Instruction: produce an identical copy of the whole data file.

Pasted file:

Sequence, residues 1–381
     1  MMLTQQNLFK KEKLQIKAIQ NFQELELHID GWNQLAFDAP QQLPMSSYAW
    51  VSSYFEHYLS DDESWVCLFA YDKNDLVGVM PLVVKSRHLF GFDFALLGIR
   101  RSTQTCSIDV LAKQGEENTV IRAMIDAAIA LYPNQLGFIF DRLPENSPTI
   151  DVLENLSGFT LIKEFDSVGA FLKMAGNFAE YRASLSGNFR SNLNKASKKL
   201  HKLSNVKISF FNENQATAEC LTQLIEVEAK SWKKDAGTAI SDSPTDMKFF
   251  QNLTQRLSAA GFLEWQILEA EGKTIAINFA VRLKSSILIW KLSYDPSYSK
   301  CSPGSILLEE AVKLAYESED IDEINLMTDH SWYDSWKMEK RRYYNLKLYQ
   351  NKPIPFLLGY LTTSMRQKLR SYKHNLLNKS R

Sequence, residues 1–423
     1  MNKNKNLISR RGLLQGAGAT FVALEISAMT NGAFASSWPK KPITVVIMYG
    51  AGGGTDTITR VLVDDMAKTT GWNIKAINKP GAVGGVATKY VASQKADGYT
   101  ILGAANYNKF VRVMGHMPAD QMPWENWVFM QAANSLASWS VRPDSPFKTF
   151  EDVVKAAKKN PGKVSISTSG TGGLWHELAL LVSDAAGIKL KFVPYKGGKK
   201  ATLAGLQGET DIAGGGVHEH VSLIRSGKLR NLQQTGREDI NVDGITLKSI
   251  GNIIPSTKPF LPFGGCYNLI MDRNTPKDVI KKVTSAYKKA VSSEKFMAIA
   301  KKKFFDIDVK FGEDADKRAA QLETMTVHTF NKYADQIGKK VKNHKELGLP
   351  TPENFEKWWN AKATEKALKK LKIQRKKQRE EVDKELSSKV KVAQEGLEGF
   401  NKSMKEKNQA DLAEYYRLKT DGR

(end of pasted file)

Sequence, residues 1–381
     1  MMLTQQNLFK KEKLQIKAIQ NFQELELHID GWNQLAFDAP QQLPMSSYAW
    51  VSSYFEHYLS DDESWVCLFA YDKNDLVGVM PLVVKSRHLF GFDFALLGIR
   101  RSTQTCSIDV LAKQGEENTV IRAMIDAAIA LYPNQLGFIF DRLPENSPTI
   151  DVLENLSGFT LIKEFDSVGA FLKMAGNFAE YRASLSGNFR SNLNKASKKL
   201  HKLSNVKISF FNENQATAEC LTQLIEVEAK SWKKDAGTAI SDSPTDMKFF
   251  QNLTQRLSAA GFLEWQILEA EGKTIAINFA VRLKSSILIW KLSYDPSYSK
   301  CSPGSILLEE AVKLAYESED IDEINLMTDH SWYDSWKMEK RRYYNLKLYQ
   351  NKPIPFLLGY LTTSMRQKLR SYKHNLLNKS R

Sequence, residues 1–423
     1  MNKNKNLISR RGLLQGAGAT FVALEISAMT NGAFASSWPK KPITVVIMYG
    51  AGGGTDTITR VLVDDMAKTT GWNIKAINKP GAVGGVATKY VASQKADGYT
   101  ILGAANYNKF VRVMGHMPAD QMPWENWVFM QAANSLASWS VRPDSPFKTF
   151  EDVVKAAKKN PGKVSISTSG TGGLWHELAL LVSDAAGIKL KFVPYKGGKK
   201  ATLAGLQGET DIAGGGVHEH VSLIRSGKLR NLQQTGREDI NVDGITLKSI
   251  GNIIPSTKPF LPFGGCYNLI MDRNTPKDVI KKVTSAYKKA VSSEKFMAIA
   301  KKKFFDIDVK FGEDADKRAA QLETMTVHTF NKYADQIGKK VKNHKELGLP
   351  TPENFEKWWN AKATEKALKK LKIQRKKQRE EVDKELSSKV KVAQEGLEGF
   401  NKSMKEKNQA DLAEYYRLKT DGR